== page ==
Frequently Asked Questions About Statins
Here is an early draft FAQ that will be much expanded in the forth coming book "Statin Drugs - Side Effects" by Dr. Duane Graveline M.D which should help with so many questions that have been posed on the comments sections at:
Comments to: Bad News About Statin Drugs
Comments to: STATIN DRUGS Side Effects
Comments to: Lipitor - The Human Cost
Comments to: Lipitor: Side Effects And Natural Remedy
Comments to: Orthomolecular Solutions to Heart Disease
FAQ about Cholesterol & Heart Disease
FREQUENTLY ASKED QUESTIONS ABOUT STATINS
1. Can you give any general recommendation to readers who are already using statins, especially if they are experiencing muscle aches and pains, numbness and weakness, mental lapses or shortness of breath?
Answer - All statin users experiencing these symptoms or increased forgetfulness, confusion, disorientation and worsening senility should be aware that their statin drug could be the cause. Their family doctor may not know of this. Report such complaints promptly to UCSD's statin study and FDA's Medwatch program.
2. Do you believe statins are over-prescribed?
Answer - Statin drugs are being flagrantly over-prescribed, especially for so-called primary prevention, where the only justification is cholesterol elevation. Even children are becoming targets of the drug industry. Commercial airline pilots on statins bother me the most for amnesia attacks are completely unheralded. Imagine "waking up" at the controls of a jumbo jet, never having been there before! For high-risk patients and especially those genetically predisposed to elevated lipids with a positive family history for premature heart disease and stroke, statins will remain a valuable treatment resource.
3. Do you believe that the pharmaceutical industry/medical establishment is misguided in its "war on cholesterol"?
Answer - After 35 years of our "war on cholesterol, we now know that cholesterol is not our enemy, it is the most vital substance in our bodies. We also have learned that atherosclerosis, the basis of heart attacks and strokes, is an inflammatory process, with our "natural" cholesterol a passive bystander not a causal factor. Statins drugs lower CV risk not by their effect on cholesterol but by their newly recognized anti-inflammatory action. In this manner they do lower cardiovascular risk.
4. Can you recommend tips to readers who wish to lower their cardiovascular risk?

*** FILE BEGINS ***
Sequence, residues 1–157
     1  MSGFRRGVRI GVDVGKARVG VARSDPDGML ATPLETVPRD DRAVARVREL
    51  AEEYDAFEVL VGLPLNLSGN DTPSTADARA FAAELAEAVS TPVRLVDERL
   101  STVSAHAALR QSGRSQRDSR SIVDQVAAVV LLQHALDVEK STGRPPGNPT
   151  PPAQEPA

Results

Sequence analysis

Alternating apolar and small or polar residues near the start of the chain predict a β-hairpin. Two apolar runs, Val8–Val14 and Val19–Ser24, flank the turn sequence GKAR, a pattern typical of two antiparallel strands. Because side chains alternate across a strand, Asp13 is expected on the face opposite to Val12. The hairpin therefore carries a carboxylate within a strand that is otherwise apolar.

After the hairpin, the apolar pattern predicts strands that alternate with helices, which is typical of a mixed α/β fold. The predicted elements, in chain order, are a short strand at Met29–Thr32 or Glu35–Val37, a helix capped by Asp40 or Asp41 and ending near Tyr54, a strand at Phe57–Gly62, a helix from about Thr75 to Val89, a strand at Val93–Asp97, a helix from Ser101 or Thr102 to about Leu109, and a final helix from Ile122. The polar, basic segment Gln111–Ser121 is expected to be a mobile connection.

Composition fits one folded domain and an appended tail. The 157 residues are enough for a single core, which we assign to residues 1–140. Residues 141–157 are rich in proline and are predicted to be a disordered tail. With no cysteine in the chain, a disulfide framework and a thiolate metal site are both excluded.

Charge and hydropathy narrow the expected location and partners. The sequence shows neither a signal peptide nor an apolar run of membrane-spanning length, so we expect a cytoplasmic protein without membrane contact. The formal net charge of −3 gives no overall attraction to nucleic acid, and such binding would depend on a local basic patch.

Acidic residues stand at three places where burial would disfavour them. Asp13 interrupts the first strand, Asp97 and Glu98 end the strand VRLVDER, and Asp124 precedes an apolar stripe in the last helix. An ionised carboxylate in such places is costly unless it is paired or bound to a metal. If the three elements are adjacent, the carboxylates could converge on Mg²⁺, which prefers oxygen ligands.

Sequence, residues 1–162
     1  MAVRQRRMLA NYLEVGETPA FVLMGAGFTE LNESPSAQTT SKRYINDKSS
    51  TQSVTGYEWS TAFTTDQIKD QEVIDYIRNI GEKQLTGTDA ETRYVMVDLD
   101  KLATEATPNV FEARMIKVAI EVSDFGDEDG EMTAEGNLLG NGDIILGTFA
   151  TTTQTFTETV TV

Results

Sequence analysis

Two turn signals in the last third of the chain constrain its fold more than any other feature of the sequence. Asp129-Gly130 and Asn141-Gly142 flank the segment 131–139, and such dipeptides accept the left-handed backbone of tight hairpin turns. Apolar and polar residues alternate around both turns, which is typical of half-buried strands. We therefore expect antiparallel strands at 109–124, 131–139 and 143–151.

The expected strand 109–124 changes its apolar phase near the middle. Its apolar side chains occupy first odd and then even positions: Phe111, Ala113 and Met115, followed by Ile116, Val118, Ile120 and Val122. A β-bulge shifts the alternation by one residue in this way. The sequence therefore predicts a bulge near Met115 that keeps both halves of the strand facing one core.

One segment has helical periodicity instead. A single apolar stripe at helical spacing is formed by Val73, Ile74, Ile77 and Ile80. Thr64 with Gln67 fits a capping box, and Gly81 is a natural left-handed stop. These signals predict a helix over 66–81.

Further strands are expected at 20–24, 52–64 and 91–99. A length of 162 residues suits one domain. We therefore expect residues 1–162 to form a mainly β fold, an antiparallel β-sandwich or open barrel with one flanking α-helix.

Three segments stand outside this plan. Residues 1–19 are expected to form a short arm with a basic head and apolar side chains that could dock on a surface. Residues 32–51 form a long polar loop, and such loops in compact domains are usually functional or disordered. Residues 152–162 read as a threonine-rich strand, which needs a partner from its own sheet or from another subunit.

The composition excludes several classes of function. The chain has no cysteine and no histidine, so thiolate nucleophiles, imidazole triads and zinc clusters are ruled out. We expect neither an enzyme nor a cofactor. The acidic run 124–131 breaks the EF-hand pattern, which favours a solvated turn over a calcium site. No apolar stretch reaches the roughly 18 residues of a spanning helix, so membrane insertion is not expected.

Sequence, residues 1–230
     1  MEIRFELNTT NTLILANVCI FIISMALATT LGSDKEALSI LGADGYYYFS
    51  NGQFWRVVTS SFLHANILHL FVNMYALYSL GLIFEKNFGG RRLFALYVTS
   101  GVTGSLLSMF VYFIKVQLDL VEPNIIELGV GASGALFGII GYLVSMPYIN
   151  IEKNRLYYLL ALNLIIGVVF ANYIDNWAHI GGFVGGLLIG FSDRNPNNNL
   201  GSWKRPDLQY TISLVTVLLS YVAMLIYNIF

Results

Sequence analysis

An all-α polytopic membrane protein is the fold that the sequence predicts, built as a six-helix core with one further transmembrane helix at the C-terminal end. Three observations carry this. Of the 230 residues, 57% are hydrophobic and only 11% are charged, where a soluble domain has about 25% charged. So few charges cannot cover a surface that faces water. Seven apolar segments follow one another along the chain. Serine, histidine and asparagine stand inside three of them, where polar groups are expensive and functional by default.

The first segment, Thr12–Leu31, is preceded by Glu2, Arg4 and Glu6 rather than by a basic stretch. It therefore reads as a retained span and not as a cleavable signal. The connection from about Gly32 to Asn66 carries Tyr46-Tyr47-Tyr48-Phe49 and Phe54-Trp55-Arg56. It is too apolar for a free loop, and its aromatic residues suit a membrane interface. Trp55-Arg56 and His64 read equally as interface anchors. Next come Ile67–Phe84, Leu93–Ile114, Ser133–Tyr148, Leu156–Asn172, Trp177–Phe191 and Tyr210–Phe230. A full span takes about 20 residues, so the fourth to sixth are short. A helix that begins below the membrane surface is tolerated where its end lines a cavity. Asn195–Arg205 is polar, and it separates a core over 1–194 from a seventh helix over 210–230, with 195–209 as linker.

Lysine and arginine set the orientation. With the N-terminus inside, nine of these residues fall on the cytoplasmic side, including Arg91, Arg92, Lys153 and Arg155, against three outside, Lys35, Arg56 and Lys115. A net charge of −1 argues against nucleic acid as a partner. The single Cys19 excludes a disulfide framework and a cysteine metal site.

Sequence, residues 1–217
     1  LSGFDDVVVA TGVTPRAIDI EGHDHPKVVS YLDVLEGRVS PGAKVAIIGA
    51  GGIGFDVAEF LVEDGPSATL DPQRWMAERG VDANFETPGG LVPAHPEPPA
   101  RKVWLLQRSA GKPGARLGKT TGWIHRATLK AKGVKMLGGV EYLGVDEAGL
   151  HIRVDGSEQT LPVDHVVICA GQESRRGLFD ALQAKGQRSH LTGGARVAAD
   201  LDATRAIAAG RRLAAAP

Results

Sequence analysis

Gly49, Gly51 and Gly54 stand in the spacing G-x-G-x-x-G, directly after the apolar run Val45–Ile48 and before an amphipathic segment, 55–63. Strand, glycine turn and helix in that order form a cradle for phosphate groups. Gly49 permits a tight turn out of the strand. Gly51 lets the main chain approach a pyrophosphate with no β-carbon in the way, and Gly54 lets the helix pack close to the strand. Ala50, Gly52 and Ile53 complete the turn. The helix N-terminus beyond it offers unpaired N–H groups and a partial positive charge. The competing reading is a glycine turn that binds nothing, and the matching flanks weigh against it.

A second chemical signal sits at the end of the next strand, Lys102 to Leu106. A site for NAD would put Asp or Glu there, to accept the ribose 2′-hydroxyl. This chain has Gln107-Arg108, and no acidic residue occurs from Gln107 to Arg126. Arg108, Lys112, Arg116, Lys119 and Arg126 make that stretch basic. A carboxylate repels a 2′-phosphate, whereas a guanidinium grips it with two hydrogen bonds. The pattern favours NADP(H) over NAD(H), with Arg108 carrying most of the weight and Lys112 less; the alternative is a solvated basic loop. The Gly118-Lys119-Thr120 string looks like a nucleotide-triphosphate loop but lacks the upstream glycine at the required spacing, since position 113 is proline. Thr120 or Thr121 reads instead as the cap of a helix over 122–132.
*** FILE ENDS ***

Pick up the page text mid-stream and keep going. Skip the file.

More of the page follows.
Answer - Treatment must be directed at inflammation. Such means include dietary supplements with omega 3, vitamins B6, 12 and folic acid, co-enzyme Q10 and buffered aspirin. All of these readily obtainable, safe, over the counter substances have proven anti-inflammatory benefit. For the "high risk' patient, consideration must be given to the addition of statin drugs for their established anti-inflammatory benefit but the dosage must be based on reduction of inflammation, not cholesterol. Although much more study is necessary to validate this concept, available information suggests that dosages required for effective inflammation reduction may be much less that required for cholesterol reduction.
5. When you stopped using Lipitor what did you do to help lower your cholesterol?
Answer - Since my research into this subject these past five years, including reading the remarkably informative books of Ravnskov and McCully, I no longer regard cholesterol as my enemy. I have reverted to daily use of the supplements mentioned above for their established anti-inflammatory effect and have replaced my low fat, low cholesterol diet of the past 35 years with McCullys Heart Revolution diet, a carbohydrate restrictive diet I find particularly appealing. Also have reverted to the whole milk, butter and unrestricted eggs of my care-free youth on a dairy farm. Last year after my NASA physical, their doctors called me, amazed at my blood lipid response.
6. Where are the case reports on statin side effects/cognitive disturbance that you cite generally reported?
Answer - case reports of statin associated adverse side effects are reported to the UCSD College of Medicine statin study (firstname.lastname@example.org) and to FDA's Medwatch program (www.fda.gov/medwatch). Those reported directed to me by contact with my website (www.spacedoc.net) are referred to these two repositories. We now have several hundred reports of episodic amnesia associated with statin use and tens of thousands of reports of lesser forms of memory impairment such as forgetfulness, confusion and disorientation. Amnesia is but the tip of a huge iceberg of cognitive impairment associated with statin drug use. And then, of course, we have the even larger numbers of case reports of the far more common side effects of muscle aches and pains, weakness, numbness and tingling, mood changes, shortness of breath and fatigue.